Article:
Triple dividends are increasingly recognized and quantified, but knowledge gaps remain. Research has evolved from defining and establishing the concept of the TDR toward applying it to adaptation and resilience interventions in practice. However, the number of projects that systematically quantify their full costs and benefits is still relatively small. Although appraisal tools that assess climate-adaptation and resilience-building measures have developed considerably, accounting for the many varied benefits of resilience interventions remains complex. Recent research has begun to address both existing data and methodological challenges, and provides evidence in support of doing so, including for the more difficult quantification of nonmarket social and environmental benefits.

This working paper lays out five strategies to help promote a shift in thinking about the triple dividend approach:

  • Grow the evidence base (including longitudinal monitoring and evaluation).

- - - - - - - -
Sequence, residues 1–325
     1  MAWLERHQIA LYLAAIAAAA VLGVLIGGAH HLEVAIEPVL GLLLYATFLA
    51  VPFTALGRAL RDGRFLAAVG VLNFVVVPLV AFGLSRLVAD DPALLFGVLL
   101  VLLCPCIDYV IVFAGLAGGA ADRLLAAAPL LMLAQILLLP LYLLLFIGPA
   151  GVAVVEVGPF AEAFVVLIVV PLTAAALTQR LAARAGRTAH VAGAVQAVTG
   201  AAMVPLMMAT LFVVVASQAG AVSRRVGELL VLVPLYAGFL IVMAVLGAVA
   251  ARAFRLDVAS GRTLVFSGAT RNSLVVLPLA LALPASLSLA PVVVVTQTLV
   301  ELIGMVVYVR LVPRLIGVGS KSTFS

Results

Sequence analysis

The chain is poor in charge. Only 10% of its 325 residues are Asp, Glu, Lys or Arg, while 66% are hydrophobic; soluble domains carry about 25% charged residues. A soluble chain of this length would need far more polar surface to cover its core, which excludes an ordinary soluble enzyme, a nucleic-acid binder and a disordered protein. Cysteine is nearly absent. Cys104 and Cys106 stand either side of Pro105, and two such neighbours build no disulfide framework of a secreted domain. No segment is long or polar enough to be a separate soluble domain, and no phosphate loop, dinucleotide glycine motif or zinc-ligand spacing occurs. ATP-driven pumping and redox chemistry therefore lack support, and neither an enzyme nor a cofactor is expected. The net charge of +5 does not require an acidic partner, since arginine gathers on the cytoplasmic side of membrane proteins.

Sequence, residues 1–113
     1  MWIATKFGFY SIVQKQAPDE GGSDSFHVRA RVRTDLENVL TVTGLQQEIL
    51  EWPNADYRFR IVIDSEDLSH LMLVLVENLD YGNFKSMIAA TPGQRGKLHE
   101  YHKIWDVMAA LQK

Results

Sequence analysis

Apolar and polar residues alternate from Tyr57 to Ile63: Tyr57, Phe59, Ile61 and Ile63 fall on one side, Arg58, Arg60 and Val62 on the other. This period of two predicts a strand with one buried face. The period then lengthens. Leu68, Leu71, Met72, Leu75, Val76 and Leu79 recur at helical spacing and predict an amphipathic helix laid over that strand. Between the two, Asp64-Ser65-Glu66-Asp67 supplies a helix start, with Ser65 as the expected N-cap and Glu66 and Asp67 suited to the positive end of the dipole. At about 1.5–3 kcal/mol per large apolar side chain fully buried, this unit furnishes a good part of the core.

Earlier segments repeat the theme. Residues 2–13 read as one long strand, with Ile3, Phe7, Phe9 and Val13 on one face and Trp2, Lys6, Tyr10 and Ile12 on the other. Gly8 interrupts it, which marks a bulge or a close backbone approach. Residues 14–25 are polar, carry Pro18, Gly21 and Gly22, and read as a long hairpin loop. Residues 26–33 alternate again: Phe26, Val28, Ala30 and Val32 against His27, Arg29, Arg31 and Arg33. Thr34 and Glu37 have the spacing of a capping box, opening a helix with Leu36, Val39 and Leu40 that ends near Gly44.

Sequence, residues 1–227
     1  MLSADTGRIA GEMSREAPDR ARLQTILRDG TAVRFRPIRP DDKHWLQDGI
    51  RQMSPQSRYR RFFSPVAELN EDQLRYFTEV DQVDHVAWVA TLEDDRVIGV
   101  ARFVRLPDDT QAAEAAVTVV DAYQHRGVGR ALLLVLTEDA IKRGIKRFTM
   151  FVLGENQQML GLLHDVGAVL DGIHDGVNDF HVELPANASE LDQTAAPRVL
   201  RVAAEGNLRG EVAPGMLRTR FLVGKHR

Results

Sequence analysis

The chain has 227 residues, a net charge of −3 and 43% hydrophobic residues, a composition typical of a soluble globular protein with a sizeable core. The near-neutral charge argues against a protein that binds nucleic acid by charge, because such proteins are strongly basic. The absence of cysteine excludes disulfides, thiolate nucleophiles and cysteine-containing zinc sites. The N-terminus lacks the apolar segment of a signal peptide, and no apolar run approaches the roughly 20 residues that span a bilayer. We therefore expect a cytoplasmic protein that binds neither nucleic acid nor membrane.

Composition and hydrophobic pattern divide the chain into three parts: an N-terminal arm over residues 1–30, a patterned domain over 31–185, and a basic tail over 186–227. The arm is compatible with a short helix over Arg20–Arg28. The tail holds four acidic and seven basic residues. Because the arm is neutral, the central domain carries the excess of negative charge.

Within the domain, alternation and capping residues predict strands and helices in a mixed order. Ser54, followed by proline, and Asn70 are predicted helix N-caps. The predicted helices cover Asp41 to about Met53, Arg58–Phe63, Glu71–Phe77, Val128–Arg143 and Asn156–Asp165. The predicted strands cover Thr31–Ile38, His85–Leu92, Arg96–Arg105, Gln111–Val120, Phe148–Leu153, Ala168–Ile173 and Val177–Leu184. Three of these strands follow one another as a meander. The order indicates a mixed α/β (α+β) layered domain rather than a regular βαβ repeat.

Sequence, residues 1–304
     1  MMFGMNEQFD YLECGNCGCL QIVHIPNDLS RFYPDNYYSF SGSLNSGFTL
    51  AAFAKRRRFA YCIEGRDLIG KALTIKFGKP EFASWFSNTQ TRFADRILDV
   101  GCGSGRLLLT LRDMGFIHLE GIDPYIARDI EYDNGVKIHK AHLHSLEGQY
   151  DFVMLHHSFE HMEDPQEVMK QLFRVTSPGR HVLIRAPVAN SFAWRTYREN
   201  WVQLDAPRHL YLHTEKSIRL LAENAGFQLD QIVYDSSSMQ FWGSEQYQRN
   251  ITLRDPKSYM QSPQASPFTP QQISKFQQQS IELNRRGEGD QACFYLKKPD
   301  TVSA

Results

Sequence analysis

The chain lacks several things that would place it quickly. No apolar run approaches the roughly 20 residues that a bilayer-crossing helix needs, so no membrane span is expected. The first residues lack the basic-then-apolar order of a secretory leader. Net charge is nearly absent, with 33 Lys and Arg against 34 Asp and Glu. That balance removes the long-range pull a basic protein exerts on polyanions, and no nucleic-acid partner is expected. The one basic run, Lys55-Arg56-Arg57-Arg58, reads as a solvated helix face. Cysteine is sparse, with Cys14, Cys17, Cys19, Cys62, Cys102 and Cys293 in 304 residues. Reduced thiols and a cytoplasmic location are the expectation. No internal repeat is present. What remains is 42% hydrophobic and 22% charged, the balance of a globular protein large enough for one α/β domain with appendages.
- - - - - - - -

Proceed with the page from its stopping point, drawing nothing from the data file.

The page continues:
• Improve methodology and data collection (including for social equity and private sector aspects of adaptation).
  • Build broad-based analytical capacity to conduct TDR analysis.
  • Communicate TDR data to inform different decision-making contexts.
  • Move toward a more standardized TDR framework for donors and governments.

Promoting these strategies would facilitate more consistent analysis of projects among development practitioners and governments, foster improved comparative research on financial and economic benefits, promote understanding of induced development benefits of potential interest to private investors, and support more rigorous ex post evaluation of impacts. More standardized approaches would help avoid both bias in the selection of individual benefits to consider and under- or overvaluation of those benefits. Finally, by allowing solutions to be effectively understood, catalyzed, and scaled, these approaches could help fundamentally shift capital flows toward adaptation efforts.


Image credit: Axel Fassio/CIFOR